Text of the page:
Steve Jobs died five years ago today
How Apple has changed since the death of the iconic CEO
Today marks five years since the death of Apple co-founder Steve Jobs.
The iconic CEO died on 5 October 2011 after a long battle with cancer, aged 56.
It's an understatement to say that Jobs helped to revolutionise the technology industry as we know it. But at the same time, the influence of Jobs himself is easy to exaggerate.
As a single person, Jobs obviously couldn't have worked on every aspect of Apple's key product announcements during his reign, from the various iPods and iPhones to the iTunes Store, but yet each bear his unmistakable influence; that of simplicity and minimalism.
While none of Apple's designs were innovations in themselves - MP3 players, smartphones and online music stores all existed before their arrival - they dramatically reinvented each of their respective product categories through better industrial design and ease of use.
Take for instance the way the iPod competed with with rival MP3 players at the time of its arrival. It didn't even allow users to edit ID3 tags or delete music, but what it lost in flexibility, it made up for in a much simpler and arguably more elegant user experience.
There was as much emphasis on what's missing as what was included, and it was this element that was repeated throughout Apple's product line-up which made them unique and appeal to users who were simply looking for intuitive products that just worked (while also looking the part).
Throughout the 1990s, Apple had trouble getting third-party retailers to stock and promote its products. But it was Jobs' initiative that saw the firm concentrating on online sales and opening Apple's own chain of retail stores to circumvent this. This was one of the biggest steps in what we now know as Apple's worldwide domination, and the rise of Apple 'fanboyz'.
Under CEO Tim Cook, Apple is run differently than under Jobs. Cook, who Jobs appointed before he died, has seen Apple take an almost softer tone, and has shed some of the winner-takes-all competitiveness that defined Jobs' control of Apple.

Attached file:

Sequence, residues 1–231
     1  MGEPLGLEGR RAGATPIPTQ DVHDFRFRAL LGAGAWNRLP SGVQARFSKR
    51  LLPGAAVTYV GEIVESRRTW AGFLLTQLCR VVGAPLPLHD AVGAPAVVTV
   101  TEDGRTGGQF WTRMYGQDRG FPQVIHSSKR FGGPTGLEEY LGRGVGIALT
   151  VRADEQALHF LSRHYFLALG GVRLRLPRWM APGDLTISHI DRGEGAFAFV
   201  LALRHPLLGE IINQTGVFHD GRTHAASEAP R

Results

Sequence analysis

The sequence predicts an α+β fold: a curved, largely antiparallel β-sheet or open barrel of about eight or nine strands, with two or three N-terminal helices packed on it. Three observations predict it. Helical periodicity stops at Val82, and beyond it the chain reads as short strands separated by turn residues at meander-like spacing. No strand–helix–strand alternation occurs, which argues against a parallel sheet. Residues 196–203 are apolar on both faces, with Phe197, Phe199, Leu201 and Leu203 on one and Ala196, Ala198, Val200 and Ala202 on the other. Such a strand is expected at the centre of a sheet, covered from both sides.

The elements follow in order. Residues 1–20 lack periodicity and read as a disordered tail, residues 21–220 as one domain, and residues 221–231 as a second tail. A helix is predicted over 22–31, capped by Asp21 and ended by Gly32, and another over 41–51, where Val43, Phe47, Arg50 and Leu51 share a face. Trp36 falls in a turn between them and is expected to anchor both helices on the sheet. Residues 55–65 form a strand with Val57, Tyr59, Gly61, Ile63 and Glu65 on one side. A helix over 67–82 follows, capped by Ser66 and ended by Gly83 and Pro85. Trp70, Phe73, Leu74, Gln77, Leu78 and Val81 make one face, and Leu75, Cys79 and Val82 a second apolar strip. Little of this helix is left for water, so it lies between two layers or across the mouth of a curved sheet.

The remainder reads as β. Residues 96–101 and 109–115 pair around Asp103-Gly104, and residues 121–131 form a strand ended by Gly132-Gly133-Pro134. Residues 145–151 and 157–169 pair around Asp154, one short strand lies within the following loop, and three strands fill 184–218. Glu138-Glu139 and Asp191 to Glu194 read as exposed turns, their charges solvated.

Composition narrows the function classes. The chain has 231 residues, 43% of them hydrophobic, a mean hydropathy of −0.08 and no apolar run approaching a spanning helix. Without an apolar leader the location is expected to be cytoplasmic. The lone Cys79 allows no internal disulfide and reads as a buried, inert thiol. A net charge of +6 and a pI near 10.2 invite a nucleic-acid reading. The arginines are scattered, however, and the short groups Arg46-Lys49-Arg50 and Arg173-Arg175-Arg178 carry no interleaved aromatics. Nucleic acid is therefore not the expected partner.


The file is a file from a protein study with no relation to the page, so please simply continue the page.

But differences between Jobs and Cook aren't that few and far between. Cook, who learned the 'Apple Way' from Jobs, might be more similar to his predecessor than originally thought. For example, Cook has continued Apple's obsession with secrecy, he also pushes his employees the same way Jobs did and, like his predecessor, isn't afraid of a fight, as seen by his stance against the FBI's demands Apple strip an iPhone of its password-attempt limit.
Then there's always the matter of money. Apple's profits and revenues are still up, and investors, who have been sceptical of the Californian company's potential for growth over the past few years, are still bullish on the company, valuing it at over 415 billion.
Under Cook, the same products - from the iPhone, Mac, and iPad to iOS and OS X - still exist and are being manufactured and updated, but the company has undeniably changed and expanded its focus.
One example of this change is the company's willingness to muscle in on the B2B market. Under Cook's guidance, the ideal tools for enterprise and capitalising on that has made Apple an entirely new player in the B2B sector, something that was traditionally the domain of the likes of Microsoft and Oracle.
Despite the challenges involved, Apple has leveraged the success of the iPhone, the changing landscape of the business world, and partnerships to turn its enterprise division into a hugely successful part of its enterprise.
And there's always the fact that Apple generated $25 billion in revenue from enterprise in 2015, a figure that rose 40% year-over-year, up from virtually nothing in 2013.
Cook is most definitely the new Jobs.
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